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Transcript: Accessing Health Care: The Role of a Community Health Worker

Lawyer Winfield pins a poster up on a post. The camera pans out, revealing a larger view of the neighborhood. A couple of people stand on the sidewalk in the background. Stirring music plays.

Lawyer crosses a street in a neighborhood while carrying papers and looking at his phone. Lawyer begins to speak off camera.

LAWYER: I was homeless and unemployed at the same time.

Two men sit in abandoned chairs under an overpass facing a house and fence. Graffiti displays on the fence and the back of one of the chairs.

LAWYER: You know, it's not uncommon. It's common.

Lawyer stands outside and speaks to the camera. A blue banner containing white text appears in the lower left corner of the screen and then fades.

LAWYER: People can be made to feel hopeless, you know, because I was actually at a point where I was beginning to feel hopeless, 'cause my situation had became so desperate.

ON SCREEN TEXT: Lawyer Winfield, Community Health Worker

The camera pans across a neighborhood from the viewpoint of a driving car. White text displays in the center of the screen.

ON SCREEN TEXT: 26 percent of the local population

lives below the poverty line

and struggles to access

health and social services.

The camera follows Lawyer as he walks through a neighborhood. White text displays in the center of the screen.

ON SCREEN TEXT: Lawyer used to be one of them.

Lawyer speaks to a group of men gathered under a fallen tree. The men sit on plastic chairs and crates surrounded by scattered trash and debris.

LAWYER: Because I was able to overcome, I can come back and talk to people who now are, you know, having the same kind of experience, and it's a vast amount of people.

Lawyer stands and speaks to the camera.

The camera follows Lawyer as he walks through a neighborhood. White text appears in the center of the screen.

ON SCREEN TEXT: Lawyer now spends his time

connecting people to the

health care and social services

they need in his role as a

community health worker.

Sister Bonnie Hoffman sits at a desk and speaks to the camera. A blue banner containing white text appears at the lower left corner of the screen and then fades.

BONNIE: We do have a lot of resources. We have a lot of caring people who want to help.

ON SCREEN TEXT: Sister Bonnie Hoffman

Daughters of Charity Health Centers

Lawyer walks past a building covered in graffiti toward a group of men gathered under an overpass. He speaks to a group of men.

BONNIE: So the community health workers now can coordinate our patients getting in touch with those resources.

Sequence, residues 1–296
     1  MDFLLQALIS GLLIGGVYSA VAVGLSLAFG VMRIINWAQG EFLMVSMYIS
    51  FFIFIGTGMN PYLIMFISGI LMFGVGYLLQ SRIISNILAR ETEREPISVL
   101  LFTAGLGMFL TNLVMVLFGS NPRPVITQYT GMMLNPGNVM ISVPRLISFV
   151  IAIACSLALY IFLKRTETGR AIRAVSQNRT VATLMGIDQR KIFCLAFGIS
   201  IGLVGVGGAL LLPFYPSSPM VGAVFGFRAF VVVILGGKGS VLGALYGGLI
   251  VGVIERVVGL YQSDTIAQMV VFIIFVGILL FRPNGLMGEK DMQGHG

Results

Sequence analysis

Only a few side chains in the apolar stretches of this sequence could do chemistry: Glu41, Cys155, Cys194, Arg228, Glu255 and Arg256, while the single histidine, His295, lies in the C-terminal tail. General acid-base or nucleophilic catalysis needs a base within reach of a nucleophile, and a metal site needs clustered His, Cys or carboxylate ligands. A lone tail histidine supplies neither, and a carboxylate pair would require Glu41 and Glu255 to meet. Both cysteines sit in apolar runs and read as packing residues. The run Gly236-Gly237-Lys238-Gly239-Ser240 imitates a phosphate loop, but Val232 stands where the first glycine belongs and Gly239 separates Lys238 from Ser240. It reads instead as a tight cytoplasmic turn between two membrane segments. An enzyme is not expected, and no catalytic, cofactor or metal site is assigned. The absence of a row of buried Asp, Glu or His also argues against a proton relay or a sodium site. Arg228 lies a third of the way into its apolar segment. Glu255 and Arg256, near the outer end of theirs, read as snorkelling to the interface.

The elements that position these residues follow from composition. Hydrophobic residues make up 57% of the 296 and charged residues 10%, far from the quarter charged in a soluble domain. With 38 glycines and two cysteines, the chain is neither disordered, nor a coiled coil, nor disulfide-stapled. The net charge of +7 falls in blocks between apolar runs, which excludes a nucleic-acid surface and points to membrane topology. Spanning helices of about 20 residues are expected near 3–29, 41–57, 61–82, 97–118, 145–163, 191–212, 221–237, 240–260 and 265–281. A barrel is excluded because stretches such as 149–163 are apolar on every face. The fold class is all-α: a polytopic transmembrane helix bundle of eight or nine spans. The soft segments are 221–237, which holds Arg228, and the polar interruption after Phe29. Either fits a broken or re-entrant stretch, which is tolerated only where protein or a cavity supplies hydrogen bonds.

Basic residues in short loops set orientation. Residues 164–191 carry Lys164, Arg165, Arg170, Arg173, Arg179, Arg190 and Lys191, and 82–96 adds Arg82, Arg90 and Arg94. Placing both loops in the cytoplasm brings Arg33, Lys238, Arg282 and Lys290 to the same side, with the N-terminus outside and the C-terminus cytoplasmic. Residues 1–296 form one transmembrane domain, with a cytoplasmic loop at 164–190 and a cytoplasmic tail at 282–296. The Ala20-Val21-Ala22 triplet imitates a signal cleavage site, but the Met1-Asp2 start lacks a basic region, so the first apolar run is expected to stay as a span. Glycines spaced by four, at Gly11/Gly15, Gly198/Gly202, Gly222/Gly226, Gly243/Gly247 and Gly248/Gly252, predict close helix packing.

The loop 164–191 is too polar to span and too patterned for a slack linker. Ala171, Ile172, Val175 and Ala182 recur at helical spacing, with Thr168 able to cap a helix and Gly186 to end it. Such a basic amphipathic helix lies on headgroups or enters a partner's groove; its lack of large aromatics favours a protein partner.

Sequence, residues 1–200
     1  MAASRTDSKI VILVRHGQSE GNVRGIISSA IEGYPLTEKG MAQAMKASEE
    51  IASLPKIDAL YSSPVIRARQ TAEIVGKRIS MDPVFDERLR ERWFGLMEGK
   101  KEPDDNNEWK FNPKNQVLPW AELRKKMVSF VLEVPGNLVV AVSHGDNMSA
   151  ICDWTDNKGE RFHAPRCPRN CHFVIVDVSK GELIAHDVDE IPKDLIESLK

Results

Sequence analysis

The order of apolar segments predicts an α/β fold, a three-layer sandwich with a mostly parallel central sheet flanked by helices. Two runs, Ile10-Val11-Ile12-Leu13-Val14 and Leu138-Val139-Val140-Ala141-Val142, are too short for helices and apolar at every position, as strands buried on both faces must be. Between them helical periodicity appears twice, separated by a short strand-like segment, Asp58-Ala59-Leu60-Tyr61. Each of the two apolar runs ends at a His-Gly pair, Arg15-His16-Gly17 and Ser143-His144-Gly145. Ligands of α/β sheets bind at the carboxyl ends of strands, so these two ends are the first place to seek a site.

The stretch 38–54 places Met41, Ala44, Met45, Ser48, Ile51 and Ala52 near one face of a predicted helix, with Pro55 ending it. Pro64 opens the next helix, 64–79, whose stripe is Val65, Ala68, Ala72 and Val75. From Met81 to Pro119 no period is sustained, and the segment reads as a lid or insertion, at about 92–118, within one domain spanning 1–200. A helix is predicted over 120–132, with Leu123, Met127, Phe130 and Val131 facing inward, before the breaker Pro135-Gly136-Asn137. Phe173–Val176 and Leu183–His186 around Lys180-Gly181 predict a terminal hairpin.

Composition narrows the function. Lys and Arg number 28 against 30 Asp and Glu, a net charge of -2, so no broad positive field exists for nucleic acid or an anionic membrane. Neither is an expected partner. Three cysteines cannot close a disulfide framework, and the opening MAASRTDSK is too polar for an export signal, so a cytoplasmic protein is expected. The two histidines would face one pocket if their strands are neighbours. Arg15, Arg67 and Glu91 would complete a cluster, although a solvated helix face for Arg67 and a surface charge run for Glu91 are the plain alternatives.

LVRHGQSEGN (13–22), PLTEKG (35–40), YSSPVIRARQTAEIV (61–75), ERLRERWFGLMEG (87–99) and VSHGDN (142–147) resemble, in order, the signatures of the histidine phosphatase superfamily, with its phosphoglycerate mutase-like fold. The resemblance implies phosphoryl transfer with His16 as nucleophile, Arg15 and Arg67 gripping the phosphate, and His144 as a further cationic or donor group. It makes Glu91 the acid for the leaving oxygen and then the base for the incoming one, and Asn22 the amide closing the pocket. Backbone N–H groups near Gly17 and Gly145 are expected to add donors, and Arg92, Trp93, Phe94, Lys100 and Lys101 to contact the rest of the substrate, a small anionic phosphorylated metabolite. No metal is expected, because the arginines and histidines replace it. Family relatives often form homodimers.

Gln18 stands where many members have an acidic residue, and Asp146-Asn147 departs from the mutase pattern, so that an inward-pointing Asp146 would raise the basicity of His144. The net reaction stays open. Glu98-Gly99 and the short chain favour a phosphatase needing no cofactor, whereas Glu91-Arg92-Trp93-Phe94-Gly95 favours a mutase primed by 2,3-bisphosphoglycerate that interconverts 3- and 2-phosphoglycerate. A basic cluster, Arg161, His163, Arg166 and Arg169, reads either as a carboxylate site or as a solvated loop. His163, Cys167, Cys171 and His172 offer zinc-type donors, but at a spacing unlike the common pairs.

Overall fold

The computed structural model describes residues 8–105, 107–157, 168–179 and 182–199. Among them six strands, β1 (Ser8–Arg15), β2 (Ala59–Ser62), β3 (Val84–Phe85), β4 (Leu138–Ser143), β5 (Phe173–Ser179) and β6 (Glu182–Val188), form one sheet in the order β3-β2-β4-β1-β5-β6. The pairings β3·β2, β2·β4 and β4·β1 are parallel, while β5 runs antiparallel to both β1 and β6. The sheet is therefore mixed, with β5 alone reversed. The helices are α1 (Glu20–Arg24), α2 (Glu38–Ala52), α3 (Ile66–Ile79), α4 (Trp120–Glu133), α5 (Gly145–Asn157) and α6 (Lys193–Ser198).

Graffiti covers a building wall. Lawyer stands in the distance. Zwena Moore-Randolph begins to speak off camera.

ZWENA: Housing and food insecurity.

Zwena sits in a room and speaks to the camera. A blue banner containing white text appears in the lower left corner of the screen and then fades.

ZWENA: That's--that's the top two that we're seeing over and over. Just health education is something that needs to happen more, and so we're able to do that now.

ON SCREEN TEXT: Zwena Moore-Randolph, Daughters of Charity Health Centers

Lawyer stands in a neighborhood and speaks to the camera.

LAWYER: To be quite honest, I--I didn't envision I would be in this role, and um, the particular course of life that I had taken and, you know, the valleys I had entered into, the difficulties, had somewhat made it just seem to be impossible.

Lawyer walks down a tree-lined sidewalk.

A white vans drives by as two men sit in chairs under an overpass.

Lawyer fist-bumps men sitting under an overpass and walks toward the camera.

LAWYER: So it's like I'm living the impossible.

ZWENA: It's a very empowering, positive situation because you have someone--they feel like they have someone on their side that understands what they're going through.

Zwena sits in a room and speaks to the camera.

Lawyer walks through a neighborhood toward the camera.

LAWYER: Yeah, it makes me feel like--that, um, I'm really serving a--a deeply meaningful purpose for helping to better the condition--the overall condition of people who live in this community.

The screen fades to a shot of Lawyer. He stands on a green lawn and speaks to the camera.

Lawyer stands next to a wall covered in graffiti and speaks with a man in a baseball cap. They shake hands before Lawyer walks away.

LAWYER: Thank you. Thank you, man.

MAN: I thank you.

LAWYER: God bless. Now, you have my number. Right?

MAN: Yes, sir.

LAWYER: Call me, because we got some more talking to do.

MAN: I know, and you know...

LAWYER: A whole lot more talking to do.

MAN: Yeah. Yes, sir.

LAWYER: Yes. Take care, now.

MAN: Have a blessed day.

Blue text appears on a white background as stirring music continues to play. The screen fades to black.

ON SCREEN TEXT: Thanks to a $1.5 million grant

from UnitedHealthcare in 2018,

15 community health workers

reached over 11,500 people

across New Orleans during the first year

of the program to help them

access health care and social services.

And this is just the beginning.